As the Cold War faded, the United States and its allies took the “peace dividend,” cut defense budgets, and settled on what they thought was a victory.end of historyAt that pivotal moment, Cold War technologies found their way into a new kind of arms race – the battle for attention. Video game consoles have been popular since the late 1970s, right up to Atari’s first video computer system. Sony changed everything with its first Play StationBy turning some of the most advanced real-time 3D interactive technology developed for military simulation into an inexpensive device that can sit next to the family’s TV.

The Internet remains the archetypal example of a technology that was originally developed to meet a military need.

In an unexpected twist, war technologies are re-emerging as entertainment technologies. Ultra-realistic 3D graphics have dominated cinema in films like Jurassic Park And the Toy Storywhile the simulation is more primitive but more attractive like Tomb rider And the Gran Turismo Offer tens of millions of people an exciting (some might say addictive) experience in their own homes. Another arms race – ‘Battle for the Living Room’ – pits Sony’s PlayStation against Microsoft’s Xbox, as subsequent generations of consoles push semiconductor technologies to their limits.

By the early 2000s, consumer electronics had overtaken all but the most advanced (and rated) military systems. Morpheus, the god of dreams, has dazzled and traversed Mars. The current generation smartphone has nanometer-scale feature circuits, at least equal to – and very likely better than – almost anything any army can buy from any weapons manufacturer.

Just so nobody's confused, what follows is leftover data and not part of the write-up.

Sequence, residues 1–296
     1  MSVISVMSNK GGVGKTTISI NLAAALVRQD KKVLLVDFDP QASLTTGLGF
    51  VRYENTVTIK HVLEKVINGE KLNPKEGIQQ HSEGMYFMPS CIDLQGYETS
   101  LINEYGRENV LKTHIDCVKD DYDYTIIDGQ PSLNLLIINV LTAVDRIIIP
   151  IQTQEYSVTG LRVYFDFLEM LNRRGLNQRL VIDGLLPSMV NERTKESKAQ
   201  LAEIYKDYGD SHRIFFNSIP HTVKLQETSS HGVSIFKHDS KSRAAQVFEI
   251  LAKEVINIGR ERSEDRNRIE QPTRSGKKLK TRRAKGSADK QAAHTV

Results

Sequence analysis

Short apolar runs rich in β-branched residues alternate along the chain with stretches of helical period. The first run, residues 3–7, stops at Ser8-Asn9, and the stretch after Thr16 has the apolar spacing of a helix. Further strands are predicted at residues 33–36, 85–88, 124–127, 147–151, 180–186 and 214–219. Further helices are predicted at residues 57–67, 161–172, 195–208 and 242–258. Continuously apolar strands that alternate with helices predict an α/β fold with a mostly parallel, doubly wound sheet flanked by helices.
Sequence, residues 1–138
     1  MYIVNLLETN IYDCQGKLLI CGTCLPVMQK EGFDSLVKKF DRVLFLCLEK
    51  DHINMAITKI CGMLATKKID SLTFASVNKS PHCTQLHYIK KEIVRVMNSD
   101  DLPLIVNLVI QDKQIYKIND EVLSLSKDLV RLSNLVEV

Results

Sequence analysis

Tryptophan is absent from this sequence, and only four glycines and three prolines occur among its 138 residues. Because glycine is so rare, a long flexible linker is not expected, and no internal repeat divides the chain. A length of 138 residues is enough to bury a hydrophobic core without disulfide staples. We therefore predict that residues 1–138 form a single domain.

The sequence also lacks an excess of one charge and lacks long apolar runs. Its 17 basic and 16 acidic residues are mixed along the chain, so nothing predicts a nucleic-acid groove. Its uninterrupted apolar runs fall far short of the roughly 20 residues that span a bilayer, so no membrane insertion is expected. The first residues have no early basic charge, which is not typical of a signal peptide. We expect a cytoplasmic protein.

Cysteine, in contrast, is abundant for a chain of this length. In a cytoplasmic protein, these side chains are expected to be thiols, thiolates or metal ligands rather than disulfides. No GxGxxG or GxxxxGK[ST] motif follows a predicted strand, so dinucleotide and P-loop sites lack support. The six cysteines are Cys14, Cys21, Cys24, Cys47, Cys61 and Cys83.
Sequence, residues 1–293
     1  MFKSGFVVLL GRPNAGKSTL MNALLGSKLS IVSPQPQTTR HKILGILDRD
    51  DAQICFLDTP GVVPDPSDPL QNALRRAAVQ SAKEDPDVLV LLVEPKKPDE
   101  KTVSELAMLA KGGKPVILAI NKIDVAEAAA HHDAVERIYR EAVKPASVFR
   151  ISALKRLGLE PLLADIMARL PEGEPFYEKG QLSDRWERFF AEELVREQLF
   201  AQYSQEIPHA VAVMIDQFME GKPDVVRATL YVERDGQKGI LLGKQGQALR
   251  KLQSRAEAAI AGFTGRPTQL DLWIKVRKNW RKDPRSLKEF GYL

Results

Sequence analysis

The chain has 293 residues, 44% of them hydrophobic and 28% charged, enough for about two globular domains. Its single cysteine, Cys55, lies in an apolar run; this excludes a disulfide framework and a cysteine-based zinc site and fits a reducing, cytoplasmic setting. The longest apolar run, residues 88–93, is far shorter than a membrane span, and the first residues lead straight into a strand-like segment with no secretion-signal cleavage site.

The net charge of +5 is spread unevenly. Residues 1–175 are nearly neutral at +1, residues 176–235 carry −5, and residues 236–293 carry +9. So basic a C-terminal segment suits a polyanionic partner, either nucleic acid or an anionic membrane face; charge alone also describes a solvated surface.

Greek warrior covered with smartphones
DALL.E’s interpretation of the artificial intelligence of the Greek god Ares wearing armor made of phones.

This power shift did not go unnoticed by those armies. In the late 1990s, she participated in the planning of Institute of Creative Technologies at the University of Southern California, whose stated purpose (and funding) came from the US military’s desire to access the creative talent and technological capabilities of the people who design systems not for battlefields, but for living rooms. Where entertainment led the way in technological development, the military would happily follow.

By the early 2010s, the lines between entertainment and the battlefield began to blur. Advances in smartphone technology have made virtual reality cheap and accessible, making augmented reality technically possible – seamlessly blending the virtual and real worlds. Militaries have long realized that they need augmented reality to lead integration Command, control and communication (CCC) for soldiers on the battlefield, giving them “guiding” abilities that are familiar to any player in a real-time “open world” game such as Battlefield 2042.

War techniques are re-emerging as entertainment techniques.

Nobody distinguishes this Janus-like transition from Morpheus to Mars more than Palmer Loki. A decade ago, at age 19, Luckey founded VR startup Oculus, launched his first VR headset on Kickstarter — and raised over $1 million in its first 24 hours. What was once thought of a moribund technology came back to life when Sony and Microsoft, these eternal rivals, began working on their virtual reality systems. Two years later, Mark Zuckerberg bought Oculus for more than $3 billion.